[SciPy-User] faster interpolations (interp1d)

eat e.antero.tammi@gmail....
Tue Mar 1 08:03:34 CST 2011


Hi,

On Tue, Mar 1, 2011 at 1:01 PM, James McCormac <jmccormac01@qub.ac.uk>wrote:

> Hi eat,
> Yes this code works fine, its not actually that bad on a 2x500 arrays ~5
> but the 500 length arrays are the shortest I can run with. I am analyzing
> CCD images which can go up 2000x2000 in length and breadth, meaning 2x2000
> 1d arrays after collapsing the spectra. This takes >20 sec per image which
> is much too long. Ideally the id like it to run as fast as possible
> (depending on how much accuracy I can maintain).
>
> Yes the code works fine its just a little slow, I've put timers in and 98%
> of the time is taken up by the interpolation.  Any improvement in
> performance would be great. I've slimmed  down the rest of the body as much
> as possible already.
>
Can you provide a minimal working code example, which demonstrates the
problem? At least you'll get better idea how it performs on some other
machine.


Regards,
eat

>
> Cheers
> James
>
>
> On 1 Mar 2011, at 07:31, eat wrote:
>
> Hi James,
>
> On Mon, Feb 28, 2011 at 5:25 PM, James McCormac <jmccormac01@qub.ac.uk>wrote:
>
>> Hi eat,
>> you sent me a suggestion for faster 1d interpolations using matrices a few
>> weeks back but I cannot find the email anywhere when I looked for it
>> today.
>>
>> Here is a better explanation of what I am trying to do. For example I have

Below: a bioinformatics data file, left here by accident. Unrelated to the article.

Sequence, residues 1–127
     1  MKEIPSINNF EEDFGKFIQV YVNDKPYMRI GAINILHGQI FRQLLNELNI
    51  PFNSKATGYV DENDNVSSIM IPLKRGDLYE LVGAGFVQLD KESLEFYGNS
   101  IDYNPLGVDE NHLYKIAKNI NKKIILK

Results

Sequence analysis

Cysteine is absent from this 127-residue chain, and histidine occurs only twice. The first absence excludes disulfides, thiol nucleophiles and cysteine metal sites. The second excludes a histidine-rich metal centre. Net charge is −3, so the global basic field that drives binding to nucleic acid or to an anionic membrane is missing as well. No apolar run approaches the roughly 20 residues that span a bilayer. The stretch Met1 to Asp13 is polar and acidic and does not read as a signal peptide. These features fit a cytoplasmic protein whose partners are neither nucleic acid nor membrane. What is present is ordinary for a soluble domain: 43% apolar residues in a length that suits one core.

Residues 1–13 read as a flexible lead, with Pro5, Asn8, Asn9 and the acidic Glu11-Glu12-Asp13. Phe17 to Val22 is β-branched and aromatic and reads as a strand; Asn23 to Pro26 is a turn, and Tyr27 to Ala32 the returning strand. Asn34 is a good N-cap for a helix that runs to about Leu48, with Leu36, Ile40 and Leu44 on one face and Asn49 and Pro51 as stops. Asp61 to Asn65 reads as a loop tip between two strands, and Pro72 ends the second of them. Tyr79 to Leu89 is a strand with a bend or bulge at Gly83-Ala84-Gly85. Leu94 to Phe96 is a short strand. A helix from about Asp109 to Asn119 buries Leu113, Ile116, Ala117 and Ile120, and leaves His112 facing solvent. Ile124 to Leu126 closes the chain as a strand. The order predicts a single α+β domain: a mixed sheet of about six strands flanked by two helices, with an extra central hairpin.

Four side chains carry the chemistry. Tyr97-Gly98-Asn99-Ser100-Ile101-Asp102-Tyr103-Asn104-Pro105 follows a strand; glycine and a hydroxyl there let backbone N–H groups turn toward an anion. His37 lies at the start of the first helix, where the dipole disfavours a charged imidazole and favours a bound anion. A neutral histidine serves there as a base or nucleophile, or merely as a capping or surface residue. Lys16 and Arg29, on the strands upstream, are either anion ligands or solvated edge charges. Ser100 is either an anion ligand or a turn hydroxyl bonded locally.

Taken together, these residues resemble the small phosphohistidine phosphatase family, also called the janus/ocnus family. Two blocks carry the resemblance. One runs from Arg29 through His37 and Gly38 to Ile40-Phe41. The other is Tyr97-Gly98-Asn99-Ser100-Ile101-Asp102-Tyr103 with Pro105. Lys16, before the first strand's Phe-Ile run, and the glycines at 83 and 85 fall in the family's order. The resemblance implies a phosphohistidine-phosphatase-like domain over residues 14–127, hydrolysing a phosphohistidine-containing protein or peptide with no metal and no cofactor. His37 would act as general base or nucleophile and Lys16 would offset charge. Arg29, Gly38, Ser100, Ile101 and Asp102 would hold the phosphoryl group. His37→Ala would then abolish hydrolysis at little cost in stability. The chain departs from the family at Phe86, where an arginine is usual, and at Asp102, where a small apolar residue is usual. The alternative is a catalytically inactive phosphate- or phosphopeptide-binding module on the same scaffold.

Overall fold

>> a 1d array of 500 elements. I want to interpolate them quadratically so
>> each array becomes 10 values, 50,000 in total.
>>
>> I have 500x500 pixels and I want to get 0.01 pixel resolution.
>>
>> code snipet:
>> # collapse an image in the x direction
>> ref_xproj=np.sum(refarray,axis=0)
>>
>> # make an array for the 1d spectra
>> x = np.linspace(0, (x_2-x_1), (x_2-x_1))
>>
>> # interpolation
>> f2_xr = interp1d(x, ref_xproj, kind='quadratic')
>>
>> # new x array for interpolated data
>> xnew = np.linspace(0, (x_2-x_1), (x_2-x_1)*100)
>>
>> # FFT of interpolated spectra
>> F_ref_xproj = fftpack.fft(f2_xr(xnew))
>>
>> Can I do this type of interpolation faster using the method you described
>> before?
>>
> I'll misinterpreted your original question and the method I suggested there
> is not applicable.
>
> To better understand your situation, few questions:
> - what you described above; it does work for you in technical sense?
> - if so, then the problem is with the execution performance?
> - what are your current timings?
> - how much you'll need to enhance them?
>
> Regards,
> eat
>
>>
>> Cheers
>> James
>>
>>
>>
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>
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> -------------------------------------------------
> James McCormac
> jmccormac01@qub.ac.uk
> Astrophysics Research Centre
> School of Mathematics & Physics
> Queens University Belfast
> University Road,
> Belfast, U.K
> BT7 1NN,
> TEL: 028 90973509
>
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